The Path Less Travelled
The Ecozoic Era
The Path Less Travelled
by Jenny Hare
Cover: The Way to Survive', Vietnam © Hoang Hai Thinh
Jenny Hare accompanies a mindful walker and shares his insights. The Art of Mindful Walking: Meditations on the Path by Adam Ford. Leaping Hare Press, 2011. ISBN: 9781907332586
Walking keeps me fit, makes my dog bouncily happy and unfailingly lifts my spirits too. It’s also wonderful for thinking things through, and sometimes understanding, ideas and inspirations come to me. Blissfully, there is the feeling of being in touch with Nature and often with something mystical or spiritual.
How welcoming to read in the introduction: “Don’t set out to do some thoughtful walking. Just walk.” So I started reading The Art of Mindful Walking with no fear of prescriptive demands, stern teaching or pressure: I would simply read, just as I simply walk, step by step.
And a beguilingly enjoyable journey it proved. Just like a walk, as the pages progress the views change; there is always something remarkable to catch attention where you are now, and a pleasant anticipation of new interests and insights to come along the way and over the horizon.
Throughout the book there is the comforting, humbling and yet at the same time awe-inspiring sense of being part of a timeless tradition. Our oldest human ancestors would have been mindful as they walked when searching for food, while the first written records we have of mindful walking are by the peripatetic philosophers of ancient Greece.
It also made me tingle with recognition to read that the concept of a sacred path is at the heart of many religions: for example, early Christians were ‘followers of the Way’, Taoism is named after the Tao – the Way and the mystery behind the world – while for Buddhists mindfulness is the seventh element of the Eightfold Path in our journey towards understanding and peace.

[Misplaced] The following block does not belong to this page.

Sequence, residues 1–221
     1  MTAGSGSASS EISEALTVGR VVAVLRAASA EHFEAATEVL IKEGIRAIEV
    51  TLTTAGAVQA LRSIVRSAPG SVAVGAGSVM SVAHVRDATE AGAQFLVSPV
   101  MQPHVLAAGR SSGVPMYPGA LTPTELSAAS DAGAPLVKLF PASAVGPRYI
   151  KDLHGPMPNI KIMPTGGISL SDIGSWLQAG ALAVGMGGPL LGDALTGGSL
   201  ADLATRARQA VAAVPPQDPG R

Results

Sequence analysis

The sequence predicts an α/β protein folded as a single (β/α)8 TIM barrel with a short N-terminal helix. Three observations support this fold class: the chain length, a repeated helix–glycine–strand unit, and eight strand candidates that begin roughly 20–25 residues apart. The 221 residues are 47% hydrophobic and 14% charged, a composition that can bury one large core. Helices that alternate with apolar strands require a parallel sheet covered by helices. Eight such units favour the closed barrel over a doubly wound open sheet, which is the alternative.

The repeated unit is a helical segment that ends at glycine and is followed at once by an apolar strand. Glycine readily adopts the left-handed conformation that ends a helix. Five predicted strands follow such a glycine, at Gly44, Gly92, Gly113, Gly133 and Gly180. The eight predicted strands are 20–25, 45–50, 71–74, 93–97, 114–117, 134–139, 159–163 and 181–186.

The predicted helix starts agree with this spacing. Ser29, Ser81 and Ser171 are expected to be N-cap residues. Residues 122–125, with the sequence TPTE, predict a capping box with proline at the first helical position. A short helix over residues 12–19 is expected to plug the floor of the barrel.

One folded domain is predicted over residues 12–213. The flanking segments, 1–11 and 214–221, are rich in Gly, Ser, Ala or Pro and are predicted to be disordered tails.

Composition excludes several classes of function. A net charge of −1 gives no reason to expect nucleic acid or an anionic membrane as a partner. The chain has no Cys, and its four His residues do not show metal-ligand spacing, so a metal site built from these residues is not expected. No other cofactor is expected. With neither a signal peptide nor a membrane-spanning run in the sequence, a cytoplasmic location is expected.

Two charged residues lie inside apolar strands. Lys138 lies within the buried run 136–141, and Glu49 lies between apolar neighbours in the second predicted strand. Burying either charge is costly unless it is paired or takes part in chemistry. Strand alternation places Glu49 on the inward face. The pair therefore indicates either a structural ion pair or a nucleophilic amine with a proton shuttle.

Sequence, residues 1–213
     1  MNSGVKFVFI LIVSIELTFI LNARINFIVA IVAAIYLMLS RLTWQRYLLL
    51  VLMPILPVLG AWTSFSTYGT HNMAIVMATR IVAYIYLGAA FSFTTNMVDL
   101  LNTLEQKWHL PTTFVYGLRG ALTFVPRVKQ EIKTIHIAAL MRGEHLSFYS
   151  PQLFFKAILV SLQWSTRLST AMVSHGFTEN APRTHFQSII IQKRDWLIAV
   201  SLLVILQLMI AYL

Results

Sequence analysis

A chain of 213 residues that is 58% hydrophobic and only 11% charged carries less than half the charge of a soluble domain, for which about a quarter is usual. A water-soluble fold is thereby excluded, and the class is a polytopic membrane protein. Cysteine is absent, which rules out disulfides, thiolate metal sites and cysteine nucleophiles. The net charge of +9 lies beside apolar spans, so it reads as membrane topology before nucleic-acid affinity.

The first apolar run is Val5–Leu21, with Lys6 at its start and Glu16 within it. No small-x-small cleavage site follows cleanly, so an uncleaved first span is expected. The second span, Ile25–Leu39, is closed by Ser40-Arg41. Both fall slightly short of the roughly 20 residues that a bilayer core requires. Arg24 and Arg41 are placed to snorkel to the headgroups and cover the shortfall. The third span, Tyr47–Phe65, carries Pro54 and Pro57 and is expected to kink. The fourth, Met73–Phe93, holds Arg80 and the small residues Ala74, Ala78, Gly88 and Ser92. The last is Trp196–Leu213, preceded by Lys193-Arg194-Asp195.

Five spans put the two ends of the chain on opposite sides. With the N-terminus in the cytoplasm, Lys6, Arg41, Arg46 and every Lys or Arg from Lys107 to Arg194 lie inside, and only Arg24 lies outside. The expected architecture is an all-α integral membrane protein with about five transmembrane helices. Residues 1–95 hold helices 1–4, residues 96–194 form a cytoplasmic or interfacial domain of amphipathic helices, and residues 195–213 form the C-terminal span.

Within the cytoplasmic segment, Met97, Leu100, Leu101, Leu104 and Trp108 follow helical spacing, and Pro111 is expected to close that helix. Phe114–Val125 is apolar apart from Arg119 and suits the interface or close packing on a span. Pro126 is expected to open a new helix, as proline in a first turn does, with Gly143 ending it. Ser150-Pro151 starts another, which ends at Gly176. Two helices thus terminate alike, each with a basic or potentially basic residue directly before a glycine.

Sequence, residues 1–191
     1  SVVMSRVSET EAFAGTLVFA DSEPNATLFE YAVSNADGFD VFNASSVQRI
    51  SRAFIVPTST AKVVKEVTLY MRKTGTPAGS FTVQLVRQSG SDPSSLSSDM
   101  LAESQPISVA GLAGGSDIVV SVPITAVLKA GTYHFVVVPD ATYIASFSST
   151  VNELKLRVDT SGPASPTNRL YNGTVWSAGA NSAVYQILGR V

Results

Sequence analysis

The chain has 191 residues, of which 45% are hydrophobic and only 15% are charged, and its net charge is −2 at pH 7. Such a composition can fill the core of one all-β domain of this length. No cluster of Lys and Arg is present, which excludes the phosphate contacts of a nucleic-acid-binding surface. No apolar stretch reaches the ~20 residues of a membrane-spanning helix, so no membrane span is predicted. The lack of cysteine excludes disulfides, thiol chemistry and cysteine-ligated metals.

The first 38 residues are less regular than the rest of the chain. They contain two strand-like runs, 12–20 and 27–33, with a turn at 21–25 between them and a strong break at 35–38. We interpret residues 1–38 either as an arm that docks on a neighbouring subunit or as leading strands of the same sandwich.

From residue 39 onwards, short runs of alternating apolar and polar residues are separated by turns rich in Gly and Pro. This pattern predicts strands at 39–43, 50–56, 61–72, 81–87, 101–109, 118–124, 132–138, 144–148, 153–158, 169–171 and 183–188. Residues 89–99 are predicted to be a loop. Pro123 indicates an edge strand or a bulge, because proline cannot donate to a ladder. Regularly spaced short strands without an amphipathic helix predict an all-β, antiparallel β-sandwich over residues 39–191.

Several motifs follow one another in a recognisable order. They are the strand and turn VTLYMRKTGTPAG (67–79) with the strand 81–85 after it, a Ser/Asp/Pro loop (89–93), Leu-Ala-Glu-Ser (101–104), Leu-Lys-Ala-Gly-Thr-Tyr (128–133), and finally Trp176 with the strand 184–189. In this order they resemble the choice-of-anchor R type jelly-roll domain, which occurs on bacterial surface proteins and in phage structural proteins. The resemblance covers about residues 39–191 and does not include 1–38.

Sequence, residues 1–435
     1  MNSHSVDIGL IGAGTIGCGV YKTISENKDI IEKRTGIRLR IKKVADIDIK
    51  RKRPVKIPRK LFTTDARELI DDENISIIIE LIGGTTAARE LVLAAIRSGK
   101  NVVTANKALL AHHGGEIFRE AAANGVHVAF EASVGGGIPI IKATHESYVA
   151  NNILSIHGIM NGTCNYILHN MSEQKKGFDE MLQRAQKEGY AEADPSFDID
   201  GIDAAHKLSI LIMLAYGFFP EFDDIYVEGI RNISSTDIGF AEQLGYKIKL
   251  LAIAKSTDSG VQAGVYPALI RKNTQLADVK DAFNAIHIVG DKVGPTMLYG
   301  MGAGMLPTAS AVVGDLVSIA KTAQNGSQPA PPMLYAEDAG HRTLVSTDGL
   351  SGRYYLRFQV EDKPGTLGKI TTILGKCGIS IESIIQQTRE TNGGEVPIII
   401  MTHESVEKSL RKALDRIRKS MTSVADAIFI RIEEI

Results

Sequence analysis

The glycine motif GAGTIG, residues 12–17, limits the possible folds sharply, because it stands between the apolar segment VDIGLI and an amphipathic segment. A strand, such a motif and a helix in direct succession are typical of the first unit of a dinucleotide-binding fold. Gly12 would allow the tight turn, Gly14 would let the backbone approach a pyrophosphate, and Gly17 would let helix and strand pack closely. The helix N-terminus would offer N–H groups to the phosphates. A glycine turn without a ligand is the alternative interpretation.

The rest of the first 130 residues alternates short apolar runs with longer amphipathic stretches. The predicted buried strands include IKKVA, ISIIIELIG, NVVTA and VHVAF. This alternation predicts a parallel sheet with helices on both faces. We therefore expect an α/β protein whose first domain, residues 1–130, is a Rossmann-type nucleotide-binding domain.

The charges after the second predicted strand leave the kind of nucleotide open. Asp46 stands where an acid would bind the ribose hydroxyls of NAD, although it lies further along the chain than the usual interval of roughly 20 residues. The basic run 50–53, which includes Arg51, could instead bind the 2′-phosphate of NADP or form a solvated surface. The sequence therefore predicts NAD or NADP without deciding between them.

There are some profound thoughts on life and its dichotomies. Adam Ford writes: “I was very aware of the transitory and vulnerable nature of my own existence” and later mentions “the immortal dignity of the human being”. He is also illuminating on the questions of loneliness and solitude, and on walking alone or in company.
But the book is more than a philosophical and spiritual journey. It reminds us of practical considerations. What to wear? What to take? And in both his company and others’ we are vividly shown places where we may never have the chance to walk. We meet Kierkegaard, who wrote that daily he walked himself into wellbeing and away from illness, into his best thoughts and away from burdensome ones. Sections on great travellers such as Robyn Davidson and Bruce Chatwin made me want to read more of their work.
As we walk with Adam Ford in the countryside, through cities, along the waterside, memories of walks taken in the past flood back. The feel of the track, beach or road beneath our feet, the things we saw, conversations, thoughts. So many feelings. Such richness, echoed here as the pages turn and the path unfolds.
There is a delightful section on walking in moonlight. Oh, how good it is to walk in the light of a moon – let’s do it more. Let’s walk more day and night.
To read this book is to enjoy the company of Adam Ford as he walks, generously and charismatically sharing his thoughts and anecdotes. I loved the journey and learned much along the way.